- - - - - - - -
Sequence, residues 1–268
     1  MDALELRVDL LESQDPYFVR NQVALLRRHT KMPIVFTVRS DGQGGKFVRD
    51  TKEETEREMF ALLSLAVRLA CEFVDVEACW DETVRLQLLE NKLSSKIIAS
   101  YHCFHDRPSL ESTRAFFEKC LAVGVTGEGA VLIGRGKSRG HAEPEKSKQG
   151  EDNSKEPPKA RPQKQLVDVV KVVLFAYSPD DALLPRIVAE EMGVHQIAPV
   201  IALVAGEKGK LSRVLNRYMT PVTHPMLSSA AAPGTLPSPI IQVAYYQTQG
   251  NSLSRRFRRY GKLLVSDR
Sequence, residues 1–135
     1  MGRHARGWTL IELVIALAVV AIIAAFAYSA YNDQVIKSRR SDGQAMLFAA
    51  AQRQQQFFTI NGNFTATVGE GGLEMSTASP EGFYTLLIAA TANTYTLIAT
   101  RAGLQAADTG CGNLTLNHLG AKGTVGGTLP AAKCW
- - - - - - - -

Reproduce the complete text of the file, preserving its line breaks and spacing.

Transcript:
Sequence, residues 1–268
     1  MDALELRVDL LESQDPYFVR NQVALLRRHT KMPIVFTVRS DGQGGKFVRD
    51  TKEETEREMF ALLSLAVRLA CEFVDVEACW DETVRLQLLE NKLSSKIIAS
   101  YHCFHDRPSL ESTRAFFEKC LAVGVTGEGA VLIGRGKSRG HAEPEKSKQG
   151  EDNSKEPPKA RPQKQLVDVV KVVLFAYSPD DALLPRIVAE EMGVHQIAPV
   201  IALVAGEKGK LSRVLNRYMT PVTHPMLSSA AAPGTLPSPI IQVAYYQTQG
   251  NSLSRRFRRY GKLLVSDR
Sequence, residues 1–135
     1  MGRHARGWTL IELVIALAVV AIIAAFAYSA YNDQVIKSRR SDGQAMLFAA
    51  AQRQQQFFTI NGNFTATVGE GGLEMSTASP EGFYTLLIAA TANTYTLIAT
   101  RAGLQAADTG CGNLTLNHLG AKGTVGGTLP AAKCW